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All Posts Term: Options Calculator
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How to Calculate Option Profit

How to Calculate Option Profit

How to Calculate Option Profit

Calculating option profit is defined by the sum the investor earns when purchasing a call option or selling a mature option. In other words, if you have entered a call option agreement, you expect the asset's underlying price to be higher than the strike price, on maturity. The income for the investor will derive from having the right to buy the underlying asset at the strike price, and later sell at market price.

HOW TO CALCULATE OPTION PROFIT

EXAMPLE

Fred owns 100 shares in a Detergent manufacturing company, they currently trade at $55. Fred expects the price of the stock to go up, as everyone needs detergent and the company is achieving excellent results in the recent quarter. Fred buys a call option at a strike of $50, expecting the stock to rise considerably before maturity, and pays $200 for 100 shares at $2 each.

When the stock price rises to $65, Fred can exercise his option call and buy 100 detergent shares for $50, and then sell them on the open market for $65 thus realizing a profit.

STOCK ANALYSIS

Analyzing stock is important in preventing loss, however, how to calculate option profit is probably more important.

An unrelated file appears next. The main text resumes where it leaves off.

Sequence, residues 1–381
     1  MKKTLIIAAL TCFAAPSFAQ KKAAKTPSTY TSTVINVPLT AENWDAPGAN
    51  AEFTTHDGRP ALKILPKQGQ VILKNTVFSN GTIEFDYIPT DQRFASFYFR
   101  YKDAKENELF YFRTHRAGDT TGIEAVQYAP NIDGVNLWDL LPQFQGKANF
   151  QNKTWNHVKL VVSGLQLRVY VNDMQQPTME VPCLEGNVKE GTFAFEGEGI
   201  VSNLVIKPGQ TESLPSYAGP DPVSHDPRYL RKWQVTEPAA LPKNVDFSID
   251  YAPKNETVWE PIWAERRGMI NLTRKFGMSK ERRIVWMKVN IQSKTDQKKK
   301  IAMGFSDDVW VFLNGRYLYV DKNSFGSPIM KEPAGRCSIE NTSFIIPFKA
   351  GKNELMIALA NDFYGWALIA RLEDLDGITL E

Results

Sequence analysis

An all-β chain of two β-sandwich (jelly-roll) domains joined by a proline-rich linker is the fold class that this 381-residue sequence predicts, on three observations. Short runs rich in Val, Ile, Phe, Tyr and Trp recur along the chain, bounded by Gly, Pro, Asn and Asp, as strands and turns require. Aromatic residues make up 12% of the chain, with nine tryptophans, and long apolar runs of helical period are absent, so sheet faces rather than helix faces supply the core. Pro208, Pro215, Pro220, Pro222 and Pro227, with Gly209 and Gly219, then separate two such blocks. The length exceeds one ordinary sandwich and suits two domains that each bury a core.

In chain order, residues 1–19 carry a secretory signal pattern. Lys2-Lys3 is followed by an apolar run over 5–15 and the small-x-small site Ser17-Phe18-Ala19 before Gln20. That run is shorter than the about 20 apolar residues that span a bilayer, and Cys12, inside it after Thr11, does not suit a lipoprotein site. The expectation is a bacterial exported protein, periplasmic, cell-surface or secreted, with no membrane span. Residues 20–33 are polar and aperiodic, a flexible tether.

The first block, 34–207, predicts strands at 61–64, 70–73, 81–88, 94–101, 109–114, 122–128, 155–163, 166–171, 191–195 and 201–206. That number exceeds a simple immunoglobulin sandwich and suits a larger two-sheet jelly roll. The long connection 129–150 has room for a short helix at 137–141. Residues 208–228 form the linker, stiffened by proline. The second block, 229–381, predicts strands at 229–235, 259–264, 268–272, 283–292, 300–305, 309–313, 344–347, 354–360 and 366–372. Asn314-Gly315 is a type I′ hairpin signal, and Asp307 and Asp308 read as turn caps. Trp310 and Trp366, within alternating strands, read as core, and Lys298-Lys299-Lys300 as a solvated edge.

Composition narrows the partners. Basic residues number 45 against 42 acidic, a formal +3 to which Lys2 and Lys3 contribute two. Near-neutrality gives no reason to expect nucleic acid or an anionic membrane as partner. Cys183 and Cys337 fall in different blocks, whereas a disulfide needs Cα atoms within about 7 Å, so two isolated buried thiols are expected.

When a trader buys a call option, he realizes that he can suffer a loss from the trade. So he waits until the value of the asset reaches the strike price and then he exercises the trade. Knowing when to sell an option, is when you earn the profits. When he does not choose to exercise his right he won't get reimbursed the premium paid when buying a contract. The amount of the premium fluctuates depending on the risk and time left before the option expires. If the underlying asset price is less than the strike price when the option expires, the call option writer makes a profit.

HOW TO CALCULATE LONG CALL OPTION PROFIT

When purchasing a long call option you expect the underlying asset price to rise above the strike price before it expires. The profit percentage is hard to predict and calculate, as long as it does rise there is no limit as to how high it will go before expiration. However, you will get an idea of how much you can earn. To get a more exact idea you need to consider various factors and they are:

* Breakeven point
* Strike Price
* Premium paid
* Profit

If your prediction is wrong and the stock price falls your call option will be worthless, and you will suffer a loss. When we start trading we need to be prepared to sustain a few shocks.

You also have to pay brokerage on the trade to your broker, and the cost varies. Open a Demat account with a reliable broker or stockbroker and that will provide you with some structure through brokerage plans.

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